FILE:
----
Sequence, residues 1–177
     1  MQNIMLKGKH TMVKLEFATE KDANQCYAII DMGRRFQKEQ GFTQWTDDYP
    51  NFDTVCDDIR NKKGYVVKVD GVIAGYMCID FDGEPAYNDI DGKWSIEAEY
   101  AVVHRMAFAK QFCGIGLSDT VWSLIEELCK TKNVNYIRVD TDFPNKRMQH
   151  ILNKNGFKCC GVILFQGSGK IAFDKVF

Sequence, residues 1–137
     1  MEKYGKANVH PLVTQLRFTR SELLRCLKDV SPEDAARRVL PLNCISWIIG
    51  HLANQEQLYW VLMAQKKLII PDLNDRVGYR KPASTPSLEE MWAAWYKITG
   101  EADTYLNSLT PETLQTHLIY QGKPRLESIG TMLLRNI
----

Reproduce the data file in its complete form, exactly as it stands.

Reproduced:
Sequence, residues 1–177
     1  MQNIMLKGKH TMVKLEFATE KDANQCYAII DMGRRFQKEQ GFTQWTDDYP
    51  NFDTVCDDIR NKKGYVVKVD GVIAGYMCID FDGEPAYNDI DGKWSIEAEY
   101  AVVHRMAFAK QFCGIGLSDT VWSLIEELCK TKNVNYIRVD TDFPNKRMQH
   151  ILNKNGFKCC GVILFQGSGK IAFDKVF

Sequence, residues 1–137
     1  MEKYGKANVH PLVTQLRFTR SELLRCLKDV SPEDAARRVL PLNCISWIIG
    51  HLANQEQLYW VLMAQKKLII PDLNDRVGYR KPASTPSLEE MWAAWYKITG
   101  EADTYLNSLT PETLQTHLIY QGKPRLESIG TMLLRNI